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7 Ways to Reduce Impulse Buys at the Grocery Store
Do you find that you are spending increasingly more on food purchases? While it’s true that food is getting more expensive, some of your increasing costs could be blamed on impulse buys. You are more likely to make unhealthy and expensive food choices if you shop during a time when you feel tired, hungry, or rushed.
Upon returning from a shopping expedition, have you ever wondered why you purchased certain items?
If so, here are some tips for you:
- Keep paper and pencil handy in the kitchen. As soon as you open your cupboard or refrigerator door and see that you are almost out of a product you always use, write this item down or save it in your smart phone list.
- You can either write these items on a piece of paper or key them into your smart phone database so you will know exactly what to buy when you go grocery shopping.
- Consider foods that you hardly ever use or that your children simply do not enjoy. Give some thought to taking them off your shopping list.
- Prior to leaving your residence for a trip to the supermarket, check again to make sure you included all of the items you need to buy. Write them on your list.
- Give yourself enough time for unhurried shopping. If you take your time while shopping, you are less likely to throw items into your shopping cart without looking at the ingredients and prices.
- Do whatever you can to stay away from processed foods. Certain types of packaged food products that are in boxes or cans may have chemical additives or other undesirable constituents.
- Direct yourself towards healthier, unprocessed foods and you’ll avoid buying packaged products.
- Do not deviate from the store list. At the store, stick to your list and don’t buy anything you haven’t written down.
- If you really cannot stick to your grocery list, grant yourself just one or two additional food items that weren’t on your list.
- However, make your additions food products that are good bargains and provide you with ways you can incorporate them into your nutritious homemade recipes.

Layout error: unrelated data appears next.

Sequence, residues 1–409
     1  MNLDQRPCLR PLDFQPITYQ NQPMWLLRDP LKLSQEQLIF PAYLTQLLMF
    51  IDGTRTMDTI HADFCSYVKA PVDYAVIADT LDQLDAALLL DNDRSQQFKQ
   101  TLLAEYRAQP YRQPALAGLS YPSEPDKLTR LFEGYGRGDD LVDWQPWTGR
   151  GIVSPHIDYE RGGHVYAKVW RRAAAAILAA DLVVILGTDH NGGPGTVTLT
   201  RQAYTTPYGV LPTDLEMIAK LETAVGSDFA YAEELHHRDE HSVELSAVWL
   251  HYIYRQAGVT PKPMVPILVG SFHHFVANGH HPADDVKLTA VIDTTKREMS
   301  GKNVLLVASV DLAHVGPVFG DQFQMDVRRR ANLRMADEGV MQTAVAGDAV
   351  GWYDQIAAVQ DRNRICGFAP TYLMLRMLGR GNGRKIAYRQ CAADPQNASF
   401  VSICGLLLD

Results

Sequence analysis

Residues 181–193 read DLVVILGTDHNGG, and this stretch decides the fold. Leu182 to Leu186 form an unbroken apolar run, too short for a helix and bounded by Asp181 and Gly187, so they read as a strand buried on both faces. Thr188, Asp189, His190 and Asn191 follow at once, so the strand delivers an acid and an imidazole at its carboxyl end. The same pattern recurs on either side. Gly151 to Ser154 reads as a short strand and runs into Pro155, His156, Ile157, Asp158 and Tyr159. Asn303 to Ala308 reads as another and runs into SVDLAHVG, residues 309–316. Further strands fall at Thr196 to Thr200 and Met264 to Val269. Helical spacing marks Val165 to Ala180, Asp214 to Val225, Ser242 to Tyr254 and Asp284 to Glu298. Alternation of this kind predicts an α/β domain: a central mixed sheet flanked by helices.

- Make your shopping trip after you’ve had something to eat. A long-standing guideline for food shopping is never to buy groceries when hungry.
- It is well known that being hungry will make you hanker after food and spend more money in the grocery store. It only takes a bag of potato chips and a box of cookies to disrupt your budget.
- Decide before leaving for your shopping trip how much money you are going to spend on groceries.
- Assume that you set a weekly limit of $75 for food. You are already in the process of scanning your groceries when the cashier announces that the total amount equals $79. What are your options?
- Take a fast look at your food purchases. Question whether you can do without some of the items. Are there goodies and nibbles that aren’t really necessary? Try to stick with the $75 amount that is in your budget workbook.
- Once you arrive back at your house, make a decision about whether your current budget permits an acceptable amount of money to spend on your groceries or if you need to make the amount higher. Maybe you’ll decide the things you put back weren’t necessary after all. Alternatively, you may find that you need to budget a little more than $75 to purchase everything you need.
- Congratulate yourself for avoiding last-minute bad decisions at the grocery store, thanks to your advance planning. You went the extra mile and it paid off.
- Understand that you only need to make a few minor adjustments in order to curb your impulse to buy items at the supermarket that you do not really need.
Reducing your impulse buys of food is something feasible for you to do. By following this advice and planning ahead, you will decrease your spending on food and make fewer impulse buys. You will buy all of the items you need, and you will end up with extra cash in your wallet!